Contra John Quiggin as well, the Democratic strategy of building class solidarity on the basis of what remains of the US Labor movement has been tried – in 2004 by Dick Gephardt – and failed even more dismally (as it was bound to do given the structural factors I’ve identified) than in previous outings.

So I guess what I’m saying is that the Australian Labor Party – given what remains a very distinctly different culture and historical context – has a much easier task ahead of it in building or rebuilding a class basis for political identification than the American Democratic Party. I’m not at all sanguine about the prospects of any progressive strategy in the States – because the default position appears to be a reversion to contesting elections on the Republicans’ preferred ground of “values” – which further reinforces the sort of secular trends to which I’ve been pointing. What the Democrats need to do instead is to reinvent the notion of freedom for a contemporary America. It’s here that I would agree with Frank’s call for a new economic populism – but a populism which truly promotes the freedom to live one’s own values.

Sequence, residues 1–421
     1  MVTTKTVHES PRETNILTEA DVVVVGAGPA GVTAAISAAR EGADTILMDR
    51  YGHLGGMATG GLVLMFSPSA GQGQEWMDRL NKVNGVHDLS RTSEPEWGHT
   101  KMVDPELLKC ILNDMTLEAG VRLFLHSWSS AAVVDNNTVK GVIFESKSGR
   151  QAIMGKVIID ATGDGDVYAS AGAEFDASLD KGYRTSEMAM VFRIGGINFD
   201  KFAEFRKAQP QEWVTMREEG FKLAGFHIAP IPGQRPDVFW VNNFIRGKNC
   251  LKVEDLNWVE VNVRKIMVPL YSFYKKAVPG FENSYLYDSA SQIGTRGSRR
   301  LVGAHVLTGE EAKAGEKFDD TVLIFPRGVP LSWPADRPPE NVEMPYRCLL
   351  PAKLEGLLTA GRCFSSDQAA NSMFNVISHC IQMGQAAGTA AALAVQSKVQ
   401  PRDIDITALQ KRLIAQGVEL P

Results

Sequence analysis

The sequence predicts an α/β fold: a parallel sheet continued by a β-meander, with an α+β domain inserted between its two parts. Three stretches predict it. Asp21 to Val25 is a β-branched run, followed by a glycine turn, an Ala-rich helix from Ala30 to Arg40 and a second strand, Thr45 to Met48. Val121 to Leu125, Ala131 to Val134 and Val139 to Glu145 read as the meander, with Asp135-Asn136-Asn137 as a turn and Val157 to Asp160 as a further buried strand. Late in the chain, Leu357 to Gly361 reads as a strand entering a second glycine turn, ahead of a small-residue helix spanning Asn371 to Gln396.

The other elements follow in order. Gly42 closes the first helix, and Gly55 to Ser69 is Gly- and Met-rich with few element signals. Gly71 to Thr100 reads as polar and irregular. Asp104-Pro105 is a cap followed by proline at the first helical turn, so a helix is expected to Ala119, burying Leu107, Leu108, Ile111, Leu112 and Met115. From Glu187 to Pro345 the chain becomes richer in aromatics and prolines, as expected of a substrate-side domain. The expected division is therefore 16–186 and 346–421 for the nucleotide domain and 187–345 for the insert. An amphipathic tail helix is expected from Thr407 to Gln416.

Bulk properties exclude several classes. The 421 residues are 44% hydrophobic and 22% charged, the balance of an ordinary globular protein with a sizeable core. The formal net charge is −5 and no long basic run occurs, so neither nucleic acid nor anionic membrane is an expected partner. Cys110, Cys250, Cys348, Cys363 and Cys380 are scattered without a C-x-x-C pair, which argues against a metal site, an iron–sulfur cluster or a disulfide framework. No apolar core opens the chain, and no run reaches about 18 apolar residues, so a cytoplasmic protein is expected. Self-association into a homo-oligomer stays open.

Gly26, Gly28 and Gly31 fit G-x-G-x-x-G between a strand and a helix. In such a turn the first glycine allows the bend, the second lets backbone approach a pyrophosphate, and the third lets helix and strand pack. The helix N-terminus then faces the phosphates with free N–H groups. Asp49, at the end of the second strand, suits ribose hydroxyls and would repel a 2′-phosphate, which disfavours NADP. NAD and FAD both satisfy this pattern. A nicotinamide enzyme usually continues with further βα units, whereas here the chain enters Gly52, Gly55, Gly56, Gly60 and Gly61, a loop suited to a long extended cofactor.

About Mark Bahnisch

Mark Bahnisch is a sociologist and is the founder of this blog. He has an undergraduate degree in history and politics from UQ, and postgraduate qualifications in sociology, industrial relations and political economy from Griffith and QUT. He has recently been awarded his PhD through the Humanities Program at QUT. Mark's full bio is on this page.
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Don
Don
2022 years ago

Mark,

Sorry to dump a new Thomas Frank post on top of this one. The comment you made to my last post made me think a post about Frank’s work might be iteresting.

By the time I’d finished I noticed that you’d beaten me to it.

Mark Bahnisch
Mark Bahnisch
2022 years ago

No probs, Don – great post. By the time we’re finished, this will be the Australian blog of choice for Thomas Frank aficionados!

akman
akman
2022 years ago

If you haven’t already, you’ll want to check out Frank’s brilliant essay on social security privatisation, The Trillion Dollar Hustle, published in Harper’s a year or two ago. I would never have believed neolib reform could be made so damn entertaining.

Scott Wickstein
2022 years ago

For another view on Frank, you might like to consider this review as well. But it is not quite so positive, so take it according to taste.

Mark Bahnisch
Mark Bahnisch
2022 years ago